Did you simply research the history and archeology of the period, or did you also have theological and biblical interests?

My biblical interest had been growing since the mid 90s. I read the Bible constantly, and read books on the Bible. I was powerfully intrigued by the survival of the Jews. As I came closer and closer to conversion, the story drew me in very much. My novels required extensive archaeological research and I loved it. I’d been doing this for years.

As you did your research, what was your impression of modern biblical scholarship?

As I plunged into modern Bible scholarship, I assumed the skeptics would be right, but I soon discovered that their “late date” theories of gospel creation were flimsy, full of assumptions, and that a dislike of Jesus ran through many of their arrogant and pompous books. The field came across to me as a huge scandal. There were believers and non-believers claiming to be Jesus scholars, and the skeptics, the famous Jesus Seminar, had been throwing out some outrageous nonsense to get the attention of the public. I have never seen sloppier scholarship in any field of study than what I saw in so-called biblical scholarship.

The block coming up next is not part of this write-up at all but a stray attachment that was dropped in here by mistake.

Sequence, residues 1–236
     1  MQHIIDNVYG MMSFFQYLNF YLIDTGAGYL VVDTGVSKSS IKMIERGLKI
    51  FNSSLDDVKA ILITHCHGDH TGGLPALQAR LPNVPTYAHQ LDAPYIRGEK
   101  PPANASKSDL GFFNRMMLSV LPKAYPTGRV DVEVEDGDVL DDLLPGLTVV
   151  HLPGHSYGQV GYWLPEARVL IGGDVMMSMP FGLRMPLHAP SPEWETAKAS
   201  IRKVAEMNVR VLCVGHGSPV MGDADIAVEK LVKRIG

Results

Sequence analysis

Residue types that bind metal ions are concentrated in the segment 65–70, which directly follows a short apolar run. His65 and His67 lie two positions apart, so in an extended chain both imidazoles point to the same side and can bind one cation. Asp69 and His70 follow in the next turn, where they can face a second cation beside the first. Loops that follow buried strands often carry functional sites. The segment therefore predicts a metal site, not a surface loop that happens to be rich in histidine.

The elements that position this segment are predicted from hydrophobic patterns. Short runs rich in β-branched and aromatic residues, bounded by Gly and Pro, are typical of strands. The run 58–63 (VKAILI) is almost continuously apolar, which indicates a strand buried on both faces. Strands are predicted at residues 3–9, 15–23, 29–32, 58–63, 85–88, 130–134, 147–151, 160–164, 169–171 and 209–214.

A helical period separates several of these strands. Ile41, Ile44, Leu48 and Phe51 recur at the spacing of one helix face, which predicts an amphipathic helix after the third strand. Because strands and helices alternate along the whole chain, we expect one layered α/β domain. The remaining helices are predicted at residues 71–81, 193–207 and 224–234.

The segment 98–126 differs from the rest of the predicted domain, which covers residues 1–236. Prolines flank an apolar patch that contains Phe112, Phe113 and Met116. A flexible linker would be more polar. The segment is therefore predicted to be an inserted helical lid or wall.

I soon realized that the skeptical scholars had very little evidence at all of their extravagant theories and they were anti-supernaturalists.

But let me mention my discovery of solid scholarship by believers, especially N.T. Wright and John A.T. Robinson. These men worked a miracle on my thinking as they offered brilliant response to the non-believers, and, perhaps because of the attacks of the skeptics, these men wrote very solid and convincing books.

How did your scholarly research affect your personal quest for Jesus the Lord?

My own biblical scholarship has drawn me closer to the Lord. I have found the gospels to be utterly convincing first-person witness to Jesus, and my studies have led me to conclude that the tradition regarding the writing of the gospels is in fact the truth.